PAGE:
The shit show of Google Analytics 4 (GA4), the Analytics Data API, and the retirement of Universal Analytics and the Reporting API

Posted on Sat 26 November 2022 in IT, programming, google

Early in 2022, I started getting emails from Google, warning that starting from 2023 they would retire Universal Analytics (UA), which is what everybody uses to track views from Google Analytics in this decade. Closer inspection revealed that this was not a simple change: they were in fact retiring all UA properties, together with the Google Analytics Reporting API we so far used to query data from them. The future, they said, was Google Analytics 4 (GA4). I have never seen a change of this magnitude being deployed in such a sloppy way. I do not even know where to begin from, so I will just have a bullet list before my head bursts with frustration.

  • There is no way to migrate a UA property to a new GA4 property. You can not bring your historical, decade old data into the modern properties. You simply, marvelously, wonderfully lose them. Quoting from them: "If you have a Universal Analytics property, you must migrate. The earlier you migrate, the more historical data and insights you will have in Google Analytics 4."
    Honestly, if you are going to lose all your previous data (and you are), you might as well ditch Analytics altogether and move to the more open, possibly self-hosted Matomo.
  • The libraries for the new Analytics Data API are still in beta. More and more people are being pushed into creating a GA4 property, and we do not even have a reliable way of pulling data out of it. I have loads of customers coming to me asking when our product will support GA4, or, even worse, saying that they cannot use our product because they only have a GA4 property. I cannot even articulate how ridiculous it is that GA4 has been live for what, a year? And we are still without stable libraries. I am not going to put in implementation work on a beta, let alone ship it to customers in production.
  • The migration guide is a joke. No common login flows, no use cases examples, a flood of broken links.
  • The GA4 PHP library does not even have an example with Oauth2. They only have examples with service accounts which, frankly, I do not even know who will use. Then there comes some saint submitting a PR with the Oauth2 example, and the only comment he receives is that the specific repo he submitted it against does not accept pull requests. We do not even get a Google employee saying "thank you, I will re-submit it against the right one" ... it just gets closed. Good luck figuring out which of the million repos you should be looking at, anyway.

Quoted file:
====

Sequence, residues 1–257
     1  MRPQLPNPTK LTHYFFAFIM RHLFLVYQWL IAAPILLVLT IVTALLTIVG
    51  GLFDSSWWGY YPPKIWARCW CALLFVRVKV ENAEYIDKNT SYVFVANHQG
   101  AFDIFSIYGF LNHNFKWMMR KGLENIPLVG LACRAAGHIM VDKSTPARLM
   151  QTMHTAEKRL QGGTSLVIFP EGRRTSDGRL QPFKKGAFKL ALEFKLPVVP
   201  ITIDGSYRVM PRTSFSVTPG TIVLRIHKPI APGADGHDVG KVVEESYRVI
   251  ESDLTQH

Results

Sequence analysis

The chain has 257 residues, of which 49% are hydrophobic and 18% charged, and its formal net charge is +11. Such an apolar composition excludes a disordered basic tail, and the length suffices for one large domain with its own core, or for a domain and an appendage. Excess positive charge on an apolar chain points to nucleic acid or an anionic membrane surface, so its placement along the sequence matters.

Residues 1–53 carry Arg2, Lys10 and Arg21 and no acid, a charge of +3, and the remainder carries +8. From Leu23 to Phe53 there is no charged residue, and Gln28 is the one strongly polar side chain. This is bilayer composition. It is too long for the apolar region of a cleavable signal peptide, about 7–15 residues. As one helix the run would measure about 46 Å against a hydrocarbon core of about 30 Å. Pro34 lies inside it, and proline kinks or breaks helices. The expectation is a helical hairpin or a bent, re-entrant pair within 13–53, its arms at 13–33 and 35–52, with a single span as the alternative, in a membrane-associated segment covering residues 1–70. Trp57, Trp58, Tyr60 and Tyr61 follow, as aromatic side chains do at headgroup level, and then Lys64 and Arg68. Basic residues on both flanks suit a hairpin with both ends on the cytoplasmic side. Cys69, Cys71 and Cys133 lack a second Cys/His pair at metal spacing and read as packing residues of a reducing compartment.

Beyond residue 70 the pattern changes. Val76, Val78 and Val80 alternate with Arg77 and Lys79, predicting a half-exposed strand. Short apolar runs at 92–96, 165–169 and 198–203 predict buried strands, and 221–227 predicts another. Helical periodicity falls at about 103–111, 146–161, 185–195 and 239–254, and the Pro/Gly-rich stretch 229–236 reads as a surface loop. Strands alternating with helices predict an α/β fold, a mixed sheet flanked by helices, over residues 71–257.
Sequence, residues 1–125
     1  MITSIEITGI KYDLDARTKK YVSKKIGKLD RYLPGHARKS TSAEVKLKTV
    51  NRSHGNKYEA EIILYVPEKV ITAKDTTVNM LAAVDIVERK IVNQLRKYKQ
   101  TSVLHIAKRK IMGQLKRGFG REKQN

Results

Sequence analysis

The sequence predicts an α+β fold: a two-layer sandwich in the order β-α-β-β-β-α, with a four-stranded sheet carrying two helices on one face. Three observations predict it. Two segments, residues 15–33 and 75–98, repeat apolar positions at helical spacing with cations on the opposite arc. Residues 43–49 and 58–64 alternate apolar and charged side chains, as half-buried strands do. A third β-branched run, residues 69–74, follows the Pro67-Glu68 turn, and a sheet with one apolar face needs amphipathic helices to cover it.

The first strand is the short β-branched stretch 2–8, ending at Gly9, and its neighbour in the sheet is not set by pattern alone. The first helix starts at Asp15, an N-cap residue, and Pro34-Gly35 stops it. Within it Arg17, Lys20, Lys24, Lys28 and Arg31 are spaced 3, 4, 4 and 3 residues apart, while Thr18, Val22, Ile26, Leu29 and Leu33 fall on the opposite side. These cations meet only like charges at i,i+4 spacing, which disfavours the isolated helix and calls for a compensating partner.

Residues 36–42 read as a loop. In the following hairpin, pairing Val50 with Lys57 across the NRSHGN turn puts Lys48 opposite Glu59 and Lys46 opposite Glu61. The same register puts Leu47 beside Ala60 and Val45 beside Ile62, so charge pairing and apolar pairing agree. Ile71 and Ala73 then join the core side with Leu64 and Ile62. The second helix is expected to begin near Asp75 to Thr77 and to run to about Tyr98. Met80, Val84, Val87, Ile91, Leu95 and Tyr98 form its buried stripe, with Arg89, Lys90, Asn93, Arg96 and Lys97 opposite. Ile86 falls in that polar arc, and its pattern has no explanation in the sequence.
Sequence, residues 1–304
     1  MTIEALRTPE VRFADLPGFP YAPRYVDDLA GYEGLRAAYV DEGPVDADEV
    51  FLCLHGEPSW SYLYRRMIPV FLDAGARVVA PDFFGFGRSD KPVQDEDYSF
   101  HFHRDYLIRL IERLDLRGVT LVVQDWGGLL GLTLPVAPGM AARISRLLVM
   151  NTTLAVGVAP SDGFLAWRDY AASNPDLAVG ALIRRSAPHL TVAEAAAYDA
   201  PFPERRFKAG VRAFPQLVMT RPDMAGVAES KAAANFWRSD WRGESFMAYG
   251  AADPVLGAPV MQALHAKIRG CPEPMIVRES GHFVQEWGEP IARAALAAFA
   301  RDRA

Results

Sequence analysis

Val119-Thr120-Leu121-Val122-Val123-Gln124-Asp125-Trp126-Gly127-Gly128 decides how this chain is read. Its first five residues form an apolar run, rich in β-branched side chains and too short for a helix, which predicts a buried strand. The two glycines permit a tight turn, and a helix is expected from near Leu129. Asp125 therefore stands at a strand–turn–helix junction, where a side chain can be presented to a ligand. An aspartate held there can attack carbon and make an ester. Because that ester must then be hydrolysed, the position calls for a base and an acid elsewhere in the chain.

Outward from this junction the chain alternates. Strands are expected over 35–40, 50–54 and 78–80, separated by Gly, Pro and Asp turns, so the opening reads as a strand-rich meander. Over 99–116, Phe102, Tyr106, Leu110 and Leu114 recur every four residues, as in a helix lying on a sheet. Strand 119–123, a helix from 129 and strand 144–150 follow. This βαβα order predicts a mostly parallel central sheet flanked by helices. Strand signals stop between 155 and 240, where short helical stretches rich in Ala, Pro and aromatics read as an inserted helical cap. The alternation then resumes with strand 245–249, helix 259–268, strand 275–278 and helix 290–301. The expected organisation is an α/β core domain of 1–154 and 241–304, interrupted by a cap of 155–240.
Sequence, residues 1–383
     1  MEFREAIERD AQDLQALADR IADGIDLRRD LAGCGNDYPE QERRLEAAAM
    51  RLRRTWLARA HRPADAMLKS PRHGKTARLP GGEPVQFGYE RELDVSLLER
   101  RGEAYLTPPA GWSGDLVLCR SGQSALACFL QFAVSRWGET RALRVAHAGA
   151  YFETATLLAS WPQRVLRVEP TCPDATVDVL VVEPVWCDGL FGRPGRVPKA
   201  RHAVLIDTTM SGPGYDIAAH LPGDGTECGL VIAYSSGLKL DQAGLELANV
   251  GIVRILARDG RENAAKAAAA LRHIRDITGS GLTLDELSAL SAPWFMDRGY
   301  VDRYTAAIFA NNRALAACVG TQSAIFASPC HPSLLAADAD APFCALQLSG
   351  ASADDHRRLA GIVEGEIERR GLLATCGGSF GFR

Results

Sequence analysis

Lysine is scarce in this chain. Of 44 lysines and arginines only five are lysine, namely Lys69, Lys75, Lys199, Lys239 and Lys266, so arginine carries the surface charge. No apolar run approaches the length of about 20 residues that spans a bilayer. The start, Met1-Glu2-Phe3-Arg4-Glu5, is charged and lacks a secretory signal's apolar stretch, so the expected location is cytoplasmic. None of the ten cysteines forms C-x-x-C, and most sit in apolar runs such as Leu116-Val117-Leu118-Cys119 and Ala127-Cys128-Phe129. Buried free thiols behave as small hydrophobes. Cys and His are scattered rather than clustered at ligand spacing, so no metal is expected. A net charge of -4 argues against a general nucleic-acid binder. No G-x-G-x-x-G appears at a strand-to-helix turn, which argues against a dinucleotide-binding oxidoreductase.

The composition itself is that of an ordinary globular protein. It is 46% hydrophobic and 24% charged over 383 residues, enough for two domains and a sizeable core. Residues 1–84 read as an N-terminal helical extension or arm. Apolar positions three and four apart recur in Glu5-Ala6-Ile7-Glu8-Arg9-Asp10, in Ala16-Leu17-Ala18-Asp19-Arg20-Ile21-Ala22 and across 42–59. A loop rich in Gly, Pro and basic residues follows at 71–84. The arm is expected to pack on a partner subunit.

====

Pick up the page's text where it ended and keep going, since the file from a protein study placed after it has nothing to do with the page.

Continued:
• GA4 properties can not be linked to Adsense. As it looks right now, UA properties linked to Adsense were the only way to obtain a report of what pages generated how much revenue. Unless I will be proven wrong, there will be no way to generate a view of page paths <-> revenue. I am bewildered that nobody at Google thought about this use case, and I am not alone.
  • The GA4 PHP library relies on protobuf, which requires php-bcmath, which is not included by default in PHP installations. A loads of broken clients. Sure, not strictly a GA4 requirement, but maybe worth checking how common newly-required dependencies are? Google acknowledged this in 2019, and has taken no action so far.
  • There seems to be some weird interference between GA4 properties and UA properties. I received reports of customers having both of them in the same account, saying that their authentication gets invalidated every few days. It did not use to happen before, and only happens for people who have some GA4 properties.

And do not even get me started on the whole choice of having a new API. What is the benefit for customers? Probably negligible. What is the hassle? Gigantic. You wanna put out a new API? Great, but leave the old one alone. They deliver a breaking change that is going to affect millions of websites, and 6 months from the retirement of the Reporting API the do not even have the libraries out of beta, they require to largely revisit current implementations, and the documentation is incomplete and littered with 404s? What company is this, I do not know.